Title: Computational Methods for Developing Agile and Intelligent Robots
Abstract: Recent advances in both software and hardware opened a new horizon of robotics: artificial intelligence discovered dynamic motions in simulation and hardware became powerful enough to execute human-level stunts. However, the current state-of-the-art robots are yet far from operating in the real world due to lack of agility, robustness, efficiency, and safety. Therefore, we need to improve these features by building more intelligent control software and effective hardware mechanisms. However, this is a challenging problem which involves optimization of control parameters, software architectures, and mechanical designs, where all the decisions jointly affect the motor capability of the robot. My research tackles these challenges by inventing novel optimization algorithms combined with prior knowledge and developing mathematical models for predicting the final performance of new robots. For instance, my on-going work includes learning methods for agile motions, interactive robot design software, and sim-to-real algorithms. In the long term, I aim to develop robotic companions in our home, search-and-rescue robots in disaster recovery scenes, and custom medical surgery robots that are tailored to individual patients.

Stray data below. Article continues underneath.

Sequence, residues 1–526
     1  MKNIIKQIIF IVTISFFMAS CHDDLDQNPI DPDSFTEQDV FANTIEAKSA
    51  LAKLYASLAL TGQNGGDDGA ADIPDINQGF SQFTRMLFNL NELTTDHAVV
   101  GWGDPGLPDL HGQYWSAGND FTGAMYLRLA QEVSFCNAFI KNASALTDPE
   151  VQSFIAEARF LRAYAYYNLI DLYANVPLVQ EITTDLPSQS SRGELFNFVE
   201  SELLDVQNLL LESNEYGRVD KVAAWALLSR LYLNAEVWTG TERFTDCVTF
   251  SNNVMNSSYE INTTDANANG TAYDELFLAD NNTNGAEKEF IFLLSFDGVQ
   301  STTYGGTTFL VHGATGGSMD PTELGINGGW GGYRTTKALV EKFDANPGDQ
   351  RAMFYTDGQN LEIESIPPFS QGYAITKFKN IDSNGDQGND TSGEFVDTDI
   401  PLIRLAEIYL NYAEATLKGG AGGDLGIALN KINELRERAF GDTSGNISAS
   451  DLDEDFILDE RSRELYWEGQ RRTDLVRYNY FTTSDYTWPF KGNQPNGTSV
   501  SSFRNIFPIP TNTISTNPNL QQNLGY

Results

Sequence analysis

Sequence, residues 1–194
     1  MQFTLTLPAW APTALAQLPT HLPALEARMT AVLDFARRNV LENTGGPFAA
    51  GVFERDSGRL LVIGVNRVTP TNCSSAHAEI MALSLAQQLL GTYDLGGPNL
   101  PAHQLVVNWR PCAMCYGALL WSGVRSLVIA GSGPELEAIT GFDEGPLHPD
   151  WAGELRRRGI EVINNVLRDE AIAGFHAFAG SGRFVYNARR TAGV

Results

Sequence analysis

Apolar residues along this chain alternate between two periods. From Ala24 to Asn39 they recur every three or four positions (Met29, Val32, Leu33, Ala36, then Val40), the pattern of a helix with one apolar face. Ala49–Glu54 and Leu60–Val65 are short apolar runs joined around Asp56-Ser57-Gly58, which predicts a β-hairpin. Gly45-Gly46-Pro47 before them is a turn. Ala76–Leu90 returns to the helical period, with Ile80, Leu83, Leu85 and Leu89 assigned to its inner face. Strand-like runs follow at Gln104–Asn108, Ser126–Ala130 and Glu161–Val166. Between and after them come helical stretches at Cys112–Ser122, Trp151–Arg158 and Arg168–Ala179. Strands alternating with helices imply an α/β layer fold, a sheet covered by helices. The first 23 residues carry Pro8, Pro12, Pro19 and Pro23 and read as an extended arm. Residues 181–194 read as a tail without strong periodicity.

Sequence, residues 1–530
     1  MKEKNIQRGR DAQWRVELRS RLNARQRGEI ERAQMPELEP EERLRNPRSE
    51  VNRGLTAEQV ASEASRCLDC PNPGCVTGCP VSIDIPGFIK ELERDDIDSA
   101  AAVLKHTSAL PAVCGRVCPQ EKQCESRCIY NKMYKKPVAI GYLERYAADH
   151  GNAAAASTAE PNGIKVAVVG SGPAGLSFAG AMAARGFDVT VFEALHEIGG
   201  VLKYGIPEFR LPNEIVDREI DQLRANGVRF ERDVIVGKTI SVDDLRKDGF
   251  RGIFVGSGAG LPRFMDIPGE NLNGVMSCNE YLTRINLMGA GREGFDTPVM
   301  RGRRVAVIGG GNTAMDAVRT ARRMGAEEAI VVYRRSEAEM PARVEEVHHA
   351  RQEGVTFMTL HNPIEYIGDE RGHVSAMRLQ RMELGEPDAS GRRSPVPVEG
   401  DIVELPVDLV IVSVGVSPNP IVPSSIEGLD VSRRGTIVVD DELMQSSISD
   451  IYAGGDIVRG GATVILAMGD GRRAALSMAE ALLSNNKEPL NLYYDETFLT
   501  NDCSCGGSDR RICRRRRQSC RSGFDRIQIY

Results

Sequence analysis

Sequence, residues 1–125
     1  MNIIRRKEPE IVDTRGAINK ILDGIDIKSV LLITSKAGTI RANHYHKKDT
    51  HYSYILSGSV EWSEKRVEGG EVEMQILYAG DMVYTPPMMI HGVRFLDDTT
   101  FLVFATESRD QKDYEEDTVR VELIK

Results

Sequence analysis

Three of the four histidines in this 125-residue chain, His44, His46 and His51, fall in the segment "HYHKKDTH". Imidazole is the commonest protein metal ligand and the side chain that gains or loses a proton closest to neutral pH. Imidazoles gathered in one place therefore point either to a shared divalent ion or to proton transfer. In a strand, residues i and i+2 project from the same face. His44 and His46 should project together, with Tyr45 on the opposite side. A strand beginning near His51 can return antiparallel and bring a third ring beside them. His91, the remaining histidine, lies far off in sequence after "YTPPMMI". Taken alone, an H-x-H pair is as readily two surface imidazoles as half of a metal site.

Bio: Sehoon Ha is currently a research scientist at Google Brain. Before joining Google, he worked at Carnegie Mellon University as a postdoctoral researcher and Disney Research as an associate research scientist. He received his Ph.D. degree in Computer Science from Georgia Institute of Technology. His research interests lie at the intersection between computer graphics and robotics, including physics-based animation, deep reinforcement learning, and computational robot design. His work has been published at top-tier venues including ACM Transactions on Graphics, IEEE Transactions on Robotics, and International Journal of Robotics Research, nominated as the best conference paper (Top 3) in Robotics: Science and Systems, and featured in the popular media press such as IEEE Spectrum, MIT Technology Review, PBS News Hours, and Wired.